Sharpsburg considers skate park
Chris Lisowski has dreams of a skate park in his hometown.
Lisowski of Sharpsburg, a teacher for the Shaler Area School District, said he wants to create a skate park in the borough.
He said the park could play a role in the revitalization of the community.
“Our town is sort of on the precipice of change,” Lisowski said. “We can either turn it into an awesome town or it's going to go downhill.”
With children looking for things to do, a skate park would give many a place to hang out, he said. He cited the increased popularity of skate boarding and the success of other nearby skate parks as a reason to bring one to the borough.
“These sports are no longer a fringe society but as mainstream as NASCAR and football,” Lisowski said.
While officials were supportive of the idea, they still had concerns.
Finding a location could be an issue. Lisowski said he is researching options but wanted to make sure he had support before going forward.
Lisowski said he would seek out grants to build the park to ensure that the borough would not have to fund the project.
He said he also would look into liability issues.
Councilwoman Karen Pastor said that would be a major concern if someone is injured at the park.
“A lawsuit like that, you're talking about the town not going anywhere; it's going to stop right there,” Pastor said.
A successful skate park could bring new people into the borough to both live and shop, making the project worthwhile, Lisowski said.
“If we built a good skate park, it would drive people here on multiple levels,” Lisowski said.
Procopio wished Lisow-ski well and asked him to come back to the borough when more details on the park are confirmed.
“If there's a way to do it, we're certainly interested in entertaining the thought,” Procopio said.
Tom McGee is an associate editor for Trib Total Media. He can be reached at 412-856-7400, ext. 1513 or email@example.com.
Show commenting policy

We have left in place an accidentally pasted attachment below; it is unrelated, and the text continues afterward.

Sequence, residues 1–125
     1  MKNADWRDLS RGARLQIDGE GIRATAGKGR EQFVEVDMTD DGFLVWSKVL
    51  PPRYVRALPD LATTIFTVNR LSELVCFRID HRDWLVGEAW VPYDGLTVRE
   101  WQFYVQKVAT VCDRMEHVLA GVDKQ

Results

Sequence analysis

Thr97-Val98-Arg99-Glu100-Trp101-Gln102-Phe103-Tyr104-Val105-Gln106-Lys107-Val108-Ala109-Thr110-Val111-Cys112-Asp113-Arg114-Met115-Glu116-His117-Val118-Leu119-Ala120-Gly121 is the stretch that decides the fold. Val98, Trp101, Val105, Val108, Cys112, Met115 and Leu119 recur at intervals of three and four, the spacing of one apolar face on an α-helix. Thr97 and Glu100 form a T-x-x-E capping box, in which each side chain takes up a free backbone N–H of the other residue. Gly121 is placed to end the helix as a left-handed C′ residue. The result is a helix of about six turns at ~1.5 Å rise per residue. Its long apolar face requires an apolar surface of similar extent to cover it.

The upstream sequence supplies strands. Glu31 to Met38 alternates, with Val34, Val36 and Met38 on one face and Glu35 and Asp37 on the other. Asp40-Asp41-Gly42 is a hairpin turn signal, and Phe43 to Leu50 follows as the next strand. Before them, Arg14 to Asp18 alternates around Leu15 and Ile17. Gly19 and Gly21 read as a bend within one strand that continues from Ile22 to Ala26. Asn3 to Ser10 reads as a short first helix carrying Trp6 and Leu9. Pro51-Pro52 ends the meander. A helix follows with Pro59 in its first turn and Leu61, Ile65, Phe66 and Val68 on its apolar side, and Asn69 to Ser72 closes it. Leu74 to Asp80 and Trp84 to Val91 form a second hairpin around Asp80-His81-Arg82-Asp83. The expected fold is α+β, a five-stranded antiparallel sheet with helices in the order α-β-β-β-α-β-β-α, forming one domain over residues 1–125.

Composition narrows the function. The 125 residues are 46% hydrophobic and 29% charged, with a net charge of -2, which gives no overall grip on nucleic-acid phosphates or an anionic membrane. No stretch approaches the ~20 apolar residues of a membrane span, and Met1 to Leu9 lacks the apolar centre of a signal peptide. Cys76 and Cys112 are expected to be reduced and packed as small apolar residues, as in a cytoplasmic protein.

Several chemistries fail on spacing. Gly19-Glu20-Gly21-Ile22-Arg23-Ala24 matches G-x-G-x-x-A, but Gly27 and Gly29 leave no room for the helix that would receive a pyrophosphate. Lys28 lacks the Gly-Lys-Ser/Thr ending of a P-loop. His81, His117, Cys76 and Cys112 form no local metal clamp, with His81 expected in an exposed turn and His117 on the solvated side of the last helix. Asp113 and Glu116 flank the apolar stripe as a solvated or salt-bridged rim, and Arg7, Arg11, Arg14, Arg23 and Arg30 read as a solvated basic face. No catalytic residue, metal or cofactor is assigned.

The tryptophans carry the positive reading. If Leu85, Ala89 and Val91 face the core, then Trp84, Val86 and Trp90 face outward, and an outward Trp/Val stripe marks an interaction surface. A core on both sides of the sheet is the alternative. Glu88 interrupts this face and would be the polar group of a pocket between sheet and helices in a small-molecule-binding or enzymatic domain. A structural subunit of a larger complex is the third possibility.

TribLive commenting policy
You are solely responsible for your comments and by using TribLive.com you agree to our Terms of Service.
We moderate comments. Our goal is to provide substantive commentary for a general readership. By screening submissions, we provide a space where readers can share intelligent and informed commentary that enhances the quality of our news and information.
While most comments will be posted if they are on-topic and not abusive, moderating decisions are subjective. We will make them as carefully and consistently as we can. Because of the volume of reader comments, we cannot review individual moderation decisions with readers.
We value thoughtful comments representing a range of views that make their point quickly and politely. We make an effort to protect discussions from repeated comments either by the same reader or different readers.
We follow the same standards for taste as the daily newspaper. A few things we won't tolerate: personal attacks, obscenity, vulgarity, profanity (including expletives and letters followed by dashes), commercial promotion, impersonations, incoherence, proselytizing and SHOUTING. Don't include URLs to Web sites.
We do not edit comments. They are either approved or deleted. We reserve the right to edit a comment that is quoted or excerpted in an article. In this case, we may fix spelling and punctuation.
We welcome strong opinions and criticism of our work, but we don't want comments to become bogged down with discussions of our policies and we will moderate accordingly.
We appreciate it when readers and people quoted in articles or blog posts point out errors of fact or emphasis and will investigate all assertions. But these suggestions should be sent via e-mail. To avoid distracting other readers, we won't publish comments that suggest a correction. Instead, corrections will be made in a blog post or in an article.